Personal income tax increases are becoming self-defeating.

Income from carbon tax, notwithstanding that the tax was always intended to be fiscally neutral, may fill some holes. Smokers and drinkers will cough up more and must expect above-inflationary increases.

However, the options are extremely limited, warns Mandy.

Mboweni is only tinkering around the edges, to show how government is committed to changing this very unsustainable position that we are currently in.

The big elephant in the room is the bloated government wage bill.

“The plans to address this are really just fluff,” says Mandy.

Mboweni suggests freezing the salaries of cabinet members, premiers and MECs, capping the cost of official cars at R700 000 (Vat inclusive nogal) and paying only for economy class travel tickets.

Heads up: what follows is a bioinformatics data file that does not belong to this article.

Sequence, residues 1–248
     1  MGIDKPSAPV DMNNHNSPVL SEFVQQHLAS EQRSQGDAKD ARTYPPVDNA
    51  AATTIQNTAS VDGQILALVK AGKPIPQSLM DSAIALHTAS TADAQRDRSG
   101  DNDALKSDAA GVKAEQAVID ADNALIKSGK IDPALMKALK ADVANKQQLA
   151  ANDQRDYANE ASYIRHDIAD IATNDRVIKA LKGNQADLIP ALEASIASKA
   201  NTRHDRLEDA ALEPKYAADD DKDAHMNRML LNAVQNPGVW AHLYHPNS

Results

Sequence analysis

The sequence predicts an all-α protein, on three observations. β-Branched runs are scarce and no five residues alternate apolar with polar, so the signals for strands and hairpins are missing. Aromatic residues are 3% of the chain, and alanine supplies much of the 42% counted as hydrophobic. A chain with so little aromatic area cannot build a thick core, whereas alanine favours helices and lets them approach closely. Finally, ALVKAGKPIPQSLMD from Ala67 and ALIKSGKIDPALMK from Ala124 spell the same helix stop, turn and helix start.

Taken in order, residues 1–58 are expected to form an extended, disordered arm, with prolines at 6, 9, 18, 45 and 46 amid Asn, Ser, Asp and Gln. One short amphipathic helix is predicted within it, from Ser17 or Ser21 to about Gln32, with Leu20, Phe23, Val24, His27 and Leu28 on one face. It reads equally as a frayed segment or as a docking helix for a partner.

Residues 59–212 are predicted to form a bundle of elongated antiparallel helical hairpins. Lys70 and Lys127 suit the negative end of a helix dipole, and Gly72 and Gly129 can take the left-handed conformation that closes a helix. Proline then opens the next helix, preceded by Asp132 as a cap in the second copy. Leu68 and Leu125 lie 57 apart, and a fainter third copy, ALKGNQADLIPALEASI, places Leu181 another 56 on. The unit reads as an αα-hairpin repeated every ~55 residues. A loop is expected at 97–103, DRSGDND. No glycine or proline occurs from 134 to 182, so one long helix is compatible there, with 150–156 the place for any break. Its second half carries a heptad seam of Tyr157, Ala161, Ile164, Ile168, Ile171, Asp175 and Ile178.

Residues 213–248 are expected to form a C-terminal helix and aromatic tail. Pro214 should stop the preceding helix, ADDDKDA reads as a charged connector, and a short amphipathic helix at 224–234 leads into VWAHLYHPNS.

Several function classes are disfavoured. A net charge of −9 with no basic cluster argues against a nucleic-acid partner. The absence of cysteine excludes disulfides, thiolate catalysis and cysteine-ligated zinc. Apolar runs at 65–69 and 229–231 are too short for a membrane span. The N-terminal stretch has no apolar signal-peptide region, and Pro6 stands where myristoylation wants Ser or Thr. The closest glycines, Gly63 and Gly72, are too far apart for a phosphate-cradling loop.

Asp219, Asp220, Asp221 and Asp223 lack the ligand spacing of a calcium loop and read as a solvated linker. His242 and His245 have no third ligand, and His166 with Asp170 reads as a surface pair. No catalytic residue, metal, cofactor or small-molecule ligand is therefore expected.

“The real issue is the public sector wage bill, which is kicked further down the road for debate and negotiations.”

Mboweni refers in his MTBPS to the fact that 29 000 public servants, MECs and members of parliament and provincial members earned more than R1 million last year.

The average wage increase across government was 6.8% in 2018/19, or 2.2% above inflation. Mboweni says government is looking forward to “robust discussions” in the relevant bargaining structures to achieve a sustainable (wage increase) arrangement.

The average government wage has risen by 66% in the last 10 years – while unemployment has risen to an 11-year high of 29%.

The same theme continues in terms of unaffordable expenditure plans – such as the National Health Insurance and the continued bailouts for SOEs.